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Caravaggio, Bacchus (1597)

Uffizi Gallery, Florence


Author: Michelangelo Merisi called Caravaggio
Title: Bacchus
Date: 1597
Technique: oil on canvas
Dimension: 101 x 89 cm
Location: Florence, Uffizi Gallery

Bacchus was painted by Caravaggio around 1597 commissioned by Cardinal del Monte. The modern story of this painting are incredible: ranked among the works of less value, the canvas was abandoned for years inside the warehouses of the Uffizi Gallery, and was brought to light only in 1913, when Matteo Marangoni noticed its extraordinary quality and considered it a copy of an original Caravaggio work. Already in 1916, however, following the intuition of Roberto Longhi, scholars recognized the hand of Caravaggio observing unique features of Bacchus.
The tracts of the young pagan deity closely resemble those of the “The Lute Player” and “The Fortune Teller”. The full-face Bacchus shows pink cheeks and deep brown eyes.
The vine leaves with their autumnal hues, decoration for the hair, have a close relationship with the leaves of the “Basket of Fruit”, also quoted in the fruit variety of  still life placed in the foreground.
According to  Giovanni Baglione, one of the earliest biographers of the master, this work was painted by Caravaggio looking himself in a mirror: that's why Bacchus holds the cup in his left hand. The pose, the feature of a face , dirty fingernails: details best suited to “dull and sleepy boy of Roman tavern” (Longhi) than to a deity.

Photo Shoot

Image Size: 3.426.237.936 pixel (54.876 x 62.436)
Colour Depth: 16 bit for Channel
Shooting: February 2010
Shots: 198

Camera Body: Nikon D3X
Pictures Acquisition Software: Nikon Camera Control Pro 2
Quality Control and Postprocessing Software: Nikon Capture NX 2

Image used with permission from Italian Ministry of Cultural Heritage and Activities with thanks to the Soprintendenza Speciale per il Patrimonio Storico, Artistico ed Etnoantropologico, 
the State Museums of Florence and the management and staff of the Uffizi Gallery.

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Michelangelo Merisi calling Caravaggio (Milan 1571 - Grosseto 1610)

He was born in Milan 29 September 1571. He starts his career as apprenticed of Simone Peterzano, Lombard painter who gives Caravaggio his first art education. The Lombard painting, characterized by a focus on reality and a study of light, that sinks its roots into leonardesque heritage, exert a great influence on Caravaggio who, in these first years of training, comes into contact with Venetian painting too.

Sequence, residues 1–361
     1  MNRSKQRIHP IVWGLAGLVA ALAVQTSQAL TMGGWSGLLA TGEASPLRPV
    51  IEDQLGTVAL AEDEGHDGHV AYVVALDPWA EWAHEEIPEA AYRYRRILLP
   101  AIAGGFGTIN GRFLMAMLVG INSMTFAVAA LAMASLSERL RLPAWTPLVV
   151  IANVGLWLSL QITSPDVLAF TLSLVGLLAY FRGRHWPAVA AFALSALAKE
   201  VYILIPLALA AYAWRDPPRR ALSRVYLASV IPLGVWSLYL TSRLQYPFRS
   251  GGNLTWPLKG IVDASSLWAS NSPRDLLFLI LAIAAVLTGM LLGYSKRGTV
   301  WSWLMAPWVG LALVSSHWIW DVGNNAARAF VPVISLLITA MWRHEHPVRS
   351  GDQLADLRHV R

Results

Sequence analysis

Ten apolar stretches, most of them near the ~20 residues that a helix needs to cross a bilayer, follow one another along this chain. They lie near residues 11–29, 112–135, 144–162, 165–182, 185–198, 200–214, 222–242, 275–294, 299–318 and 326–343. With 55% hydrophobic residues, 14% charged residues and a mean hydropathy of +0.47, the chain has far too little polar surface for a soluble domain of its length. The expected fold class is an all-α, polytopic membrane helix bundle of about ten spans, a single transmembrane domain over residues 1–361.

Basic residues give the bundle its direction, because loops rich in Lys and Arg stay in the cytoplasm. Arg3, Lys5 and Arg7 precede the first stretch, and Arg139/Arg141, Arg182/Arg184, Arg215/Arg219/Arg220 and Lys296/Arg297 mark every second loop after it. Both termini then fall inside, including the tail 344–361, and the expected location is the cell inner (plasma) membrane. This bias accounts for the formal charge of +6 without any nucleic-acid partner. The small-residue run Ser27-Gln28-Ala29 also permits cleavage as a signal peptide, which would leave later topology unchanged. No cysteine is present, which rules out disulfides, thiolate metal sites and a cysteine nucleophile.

Was in Rome however, that Caravaggio assert himself as the great painter. In the workshop of the Cavalier d'Arpino, the most successful artists in Rome, Caravaggio particularly painted "flowers and fruits", typical subject of Lombard painting on which, thanks to years of training in Milan, now he has some experience. “Young Sick Bacchus” and “Boy with a Basket of Fruit” are works of this period that shows the great attention to detail with a naturalistic study of the relationship of light and shadows.
The meeting with Cardinal del Monte (occurred around 1595) gives a change in career and style of Caravaggio. These were the years of some great masterpieces: “The Lute Player”, “The Cardsharps”, “Penitent Magdalene”, “Basket of Fruit”, “Rest on the Flight into Egypt”, to mention only the most famous. In 1599 Caravaggio gets the commission for the decoration of the Contarelli Chapel in the Church of St. Louis of France. The “Calling of Saint Matthew”, “San Matthew and the Angel “and “Martyrdom of Saint Matthew”, achieve considerable success and increase the fame and commissions of the master. Between 1600 and 1606 Caravaggio is the most favorite painter in Rome. Although he continues to attend squares, taverns and to be involved in brawls and drunkenness. On May 1606, during celebrations for the anniversary of Paul V election, he kills Ranuccio from Terni, a member of an influential Roman family. So he begins a long exile, to escape justice, and he is forced to leave Rome to Naples first and then Malta (1608).
He paints here a huge canvas “Beheading of Saint John the Baptist”, for the new oratory of Knights of St. John of Jerusalem Order, that inducted him as a member. But new turbulent events force him to flee the island. He escapes to Syracuse, Messina, Palermo and then Naples, under the protection of the Colonna family. Is 1610 and after few months, during which he painted the “The Denial of Saint Peter” and two “John the Baptist”, Caravaggio goes to Rome, hoping for the grace by Paul V.
In July of that year Caravaggio arrives to Porto Ercole in Tuscany where, for a sudden fever attack, dies at the age of thirty-nine.